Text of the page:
How T Cells Make Sure They Have Quiet Time
All cells, like all people, need “quiet” time to function properly, and this is particularly true of T cells, one of the immune system’s main weapons. They must be ready for activation at all times, and primed to divide more rapidly than almost any cell in the body.
Yale Scientists Breach Brain Barriers to Attack Tumors
The brain is a sort of fortress, equipped with barriers designed to keep out dangerous pathogens. But protection comes at a cost: These barriers interfere with the immune system when faced with dire threats such glioblastoma, a deadly brain tumor for which there are few effective treatments.
Yale Receives Funding to Study Myasthenia Gravis
The National Institutes of Health through the Rare Diseases Clinical Research Consortia has awarded a research team from Yale University, George Washington University, and Duke University $7.8 million to establish a rare disease network for myasthenia gravis.
Iwasaki Is Honored by the International Cytokine & Interferon Society
Akiko Iwasaki, PhD, Waldemar Von Zedtwitz Profesor of Immunobiology and Molecular, Cellular, and Developmental Biology; and professor of dermatology, is a 2019 recipient of the Seymour & Vivian Milstein Award for Excellence in Interferon and Cytokine Research, given by the International Cytokine & Interferon Society (ICIS).
Next frontier in study of gut bacteria: mining microbial molecules
The human gut harbors trillions of invisible microbial inhabitants, referred to as the microbiota, that collectively produce thousands of unique small molecules. The sources and biological functions of the vast majority of these molecules are unknown. Yale researchers recently applied a new technology to uncover microbiota-derived chemicals that affect human physiology, revealing a complex network of interactions with potentially broad-reaching impacts on human health.
Yale Cancer Center Scientists Advise Caution in Immunotherapy Research
In a new study, Yale Cancer Center scientists suggest that as the number of clinical trials in cancer immunotherapy grows exponentially, some caution should be exercised as we continue to better understand the biology of these new therapeutic targets.
Yale scientists study genes misidentified as ‘non-protein coding’
The human genome contains regions that “code” for proteins, which means they have instructions to make protein molecules with specific functions in the body. But Yale researchers have discovered several protein-coding genes that were misidentified as non-protein-coding, and one in particular that plays a key role in the immune system.
Yale Study Shows Immunotherapy Drug Helps Patients with Metastatic Melanoma
When melanoma turns metastatic, it spreads to the brain in more than 40% of patients. A study by Yale Cancer Center researchers published today in the Journal of Clinical Oncology (JCO) shows a checkpoint inhibitor immunotherapy drug has meaningful benefit for these patients. The study is one of the first clinical trials aimed at treating the brain metastases with this type of cancer drug.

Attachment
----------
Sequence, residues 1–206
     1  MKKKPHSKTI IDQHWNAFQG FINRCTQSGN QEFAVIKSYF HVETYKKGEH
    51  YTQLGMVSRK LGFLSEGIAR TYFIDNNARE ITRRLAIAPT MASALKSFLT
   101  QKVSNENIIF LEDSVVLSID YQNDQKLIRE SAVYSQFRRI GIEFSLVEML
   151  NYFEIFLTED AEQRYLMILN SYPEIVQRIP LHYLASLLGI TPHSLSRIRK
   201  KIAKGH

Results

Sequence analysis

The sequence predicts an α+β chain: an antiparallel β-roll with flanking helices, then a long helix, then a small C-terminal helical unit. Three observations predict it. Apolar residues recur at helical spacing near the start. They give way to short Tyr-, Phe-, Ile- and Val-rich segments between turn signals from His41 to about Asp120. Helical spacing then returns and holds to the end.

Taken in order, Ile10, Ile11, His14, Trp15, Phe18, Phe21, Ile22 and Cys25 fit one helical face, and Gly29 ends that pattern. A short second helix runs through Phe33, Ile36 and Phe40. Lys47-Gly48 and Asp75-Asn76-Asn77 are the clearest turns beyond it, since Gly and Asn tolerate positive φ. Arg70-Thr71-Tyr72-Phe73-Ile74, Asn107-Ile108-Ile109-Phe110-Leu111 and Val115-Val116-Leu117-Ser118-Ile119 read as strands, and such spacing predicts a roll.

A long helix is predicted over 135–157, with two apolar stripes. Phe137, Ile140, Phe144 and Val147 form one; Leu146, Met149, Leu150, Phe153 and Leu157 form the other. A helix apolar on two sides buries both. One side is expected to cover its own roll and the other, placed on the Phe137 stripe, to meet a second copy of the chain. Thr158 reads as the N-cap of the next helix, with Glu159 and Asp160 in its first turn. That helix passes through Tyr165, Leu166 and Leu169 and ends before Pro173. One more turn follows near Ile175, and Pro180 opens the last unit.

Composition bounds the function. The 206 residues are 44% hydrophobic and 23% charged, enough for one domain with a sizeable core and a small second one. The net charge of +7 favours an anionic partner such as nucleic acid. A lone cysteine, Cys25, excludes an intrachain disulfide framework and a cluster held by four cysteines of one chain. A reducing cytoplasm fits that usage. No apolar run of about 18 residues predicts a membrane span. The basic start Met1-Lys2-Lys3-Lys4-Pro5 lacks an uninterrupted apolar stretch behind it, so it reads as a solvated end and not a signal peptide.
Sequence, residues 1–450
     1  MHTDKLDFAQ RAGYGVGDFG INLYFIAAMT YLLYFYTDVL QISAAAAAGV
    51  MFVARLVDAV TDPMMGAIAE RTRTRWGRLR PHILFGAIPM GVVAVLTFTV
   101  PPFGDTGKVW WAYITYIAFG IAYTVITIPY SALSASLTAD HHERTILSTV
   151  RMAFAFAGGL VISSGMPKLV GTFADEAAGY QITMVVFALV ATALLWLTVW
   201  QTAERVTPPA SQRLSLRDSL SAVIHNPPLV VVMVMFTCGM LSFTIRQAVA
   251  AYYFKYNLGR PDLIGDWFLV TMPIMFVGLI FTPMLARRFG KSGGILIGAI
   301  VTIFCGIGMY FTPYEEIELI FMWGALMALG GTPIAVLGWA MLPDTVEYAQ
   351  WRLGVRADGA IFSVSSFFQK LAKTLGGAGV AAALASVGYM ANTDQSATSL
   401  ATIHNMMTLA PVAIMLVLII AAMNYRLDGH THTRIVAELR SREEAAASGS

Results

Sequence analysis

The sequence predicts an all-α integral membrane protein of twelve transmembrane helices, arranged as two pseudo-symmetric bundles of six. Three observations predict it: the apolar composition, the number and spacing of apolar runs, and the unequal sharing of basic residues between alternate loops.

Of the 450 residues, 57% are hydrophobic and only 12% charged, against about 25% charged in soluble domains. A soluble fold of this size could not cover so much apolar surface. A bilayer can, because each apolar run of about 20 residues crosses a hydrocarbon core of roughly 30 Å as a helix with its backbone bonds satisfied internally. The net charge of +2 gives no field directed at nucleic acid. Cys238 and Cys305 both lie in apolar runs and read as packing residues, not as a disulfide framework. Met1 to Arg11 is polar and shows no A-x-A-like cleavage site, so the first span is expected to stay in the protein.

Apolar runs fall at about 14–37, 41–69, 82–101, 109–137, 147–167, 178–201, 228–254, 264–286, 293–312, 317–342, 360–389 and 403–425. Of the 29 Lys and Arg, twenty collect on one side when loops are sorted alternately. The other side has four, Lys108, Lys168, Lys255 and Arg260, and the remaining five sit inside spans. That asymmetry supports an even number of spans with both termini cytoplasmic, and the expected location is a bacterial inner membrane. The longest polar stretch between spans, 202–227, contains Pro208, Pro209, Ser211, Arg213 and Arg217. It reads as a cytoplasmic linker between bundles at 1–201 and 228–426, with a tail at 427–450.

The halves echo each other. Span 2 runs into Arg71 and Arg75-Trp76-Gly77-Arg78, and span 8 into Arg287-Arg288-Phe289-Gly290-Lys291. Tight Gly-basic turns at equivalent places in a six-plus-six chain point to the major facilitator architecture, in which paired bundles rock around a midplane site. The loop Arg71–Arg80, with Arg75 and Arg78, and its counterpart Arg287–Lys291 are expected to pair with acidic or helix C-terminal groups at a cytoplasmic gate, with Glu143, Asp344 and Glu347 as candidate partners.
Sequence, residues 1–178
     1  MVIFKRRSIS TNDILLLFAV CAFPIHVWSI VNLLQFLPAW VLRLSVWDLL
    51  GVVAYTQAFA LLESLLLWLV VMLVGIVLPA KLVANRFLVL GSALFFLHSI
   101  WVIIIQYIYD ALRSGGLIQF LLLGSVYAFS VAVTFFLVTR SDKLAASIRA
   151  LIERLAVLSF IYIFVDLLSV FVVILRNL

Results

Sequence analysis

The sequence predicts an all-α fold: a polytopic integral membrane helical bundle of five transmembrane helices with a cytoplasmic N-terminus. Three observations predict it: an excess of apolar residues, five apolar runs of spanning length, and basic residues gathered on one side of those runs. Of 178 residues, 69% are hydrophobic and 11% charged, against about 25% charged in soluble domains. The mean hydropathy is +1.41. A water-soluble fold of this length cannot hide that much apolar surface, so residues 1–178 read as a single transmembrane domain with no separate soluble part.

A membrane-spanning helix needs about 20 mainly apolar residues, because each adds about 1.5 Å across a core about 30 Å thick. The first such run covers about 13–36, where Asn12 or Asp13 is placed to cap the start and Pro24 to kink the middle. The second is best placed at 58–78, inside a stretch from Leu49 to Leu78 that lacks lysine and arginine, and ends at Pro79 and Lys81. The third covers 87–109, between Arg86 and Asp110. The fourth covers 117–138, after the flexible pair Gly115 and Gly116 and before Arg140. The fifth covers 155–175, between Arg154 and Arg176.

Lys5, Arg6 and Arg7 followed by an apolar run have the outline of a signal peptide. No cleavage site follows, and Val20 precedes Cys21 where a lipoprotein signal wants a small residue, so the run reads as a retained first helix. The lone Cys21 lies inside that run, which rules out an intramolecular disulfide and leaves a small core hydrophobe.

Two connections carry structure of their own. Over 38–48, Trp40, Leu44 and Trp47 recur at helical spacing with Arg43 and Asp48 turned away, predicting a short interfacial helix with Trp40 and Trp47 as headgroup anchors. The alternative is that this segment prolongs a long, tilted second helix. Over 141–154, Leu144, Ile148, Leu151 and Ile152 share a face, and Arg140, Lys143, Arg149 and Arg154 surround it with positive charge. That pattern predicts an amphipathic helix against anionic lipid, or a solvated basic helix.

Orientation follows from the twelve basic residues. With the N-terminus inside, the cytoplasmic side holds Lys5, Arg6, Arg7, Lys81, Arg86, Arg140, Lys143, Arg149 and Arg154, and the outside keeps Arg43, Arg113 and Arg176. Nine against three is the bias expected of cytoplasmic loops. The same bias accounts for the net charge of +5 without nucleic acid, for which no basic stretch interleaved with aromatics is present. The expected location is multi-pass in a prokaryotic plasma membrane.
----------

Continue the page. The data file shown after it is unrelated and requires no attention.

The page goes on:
Hafler Is Elected to the National Academy of Medicine
David A. Hafler, MD, chair of the Department of Neurology, the William S. and Lois Stiles Edgerly Professor of Neurology, and professor of immunobiology, has been elected to the National Academy of Medicine, in recognition of his outstanding achievements in medicine.
New cancer immunotherapy drugs rapidly reach patients after approval
The majority of patients eligible for cancer immunotherapy drugs known as checkpoint inhibitors received treatment within a few months of FDA approval, according to a new Yale-led study. The finding suggests that cancer immunotherapies are adopted at a much quicker pace than is typical for newly approved medical treatments, the researchers said. However, patients receiving the therapies are older than those in the clinical trials used to evaluate them, pointing to a disconnect between research and practice that should be addressed, they noted.
Lung Cancer Patients Live Longer With Immune Therapy
The odds of survival can greatly improve for people with the most common type of lung cancer if, along with the usual chemotherapy, they are also given a drug that activates the immune system, a major new study has shown.Source: The New York Times
Study: Topical antibiotic triggers unexpected antiviral response
A Yale-led research team made a startling discovery while investigating the effect of bacteria on viral infections. When they applied a common topical antibiotic to mice before or shortly after infection with herpes and other viruses, they found that the antibiotic triggered an antiviral resistance in the animals, the researchers said.
Researchers develop a novel RNA-based therapy to target West Nile Virus
A Yale-led research team developed a new RNA therapy, delivered through the nose, to treat mice infected with West Nile Virus. The innovative approach reduced the virus in the brain, allowing the immune system to destroy the virus and develop long-term protection against West Nile Virus disease, the researchers said.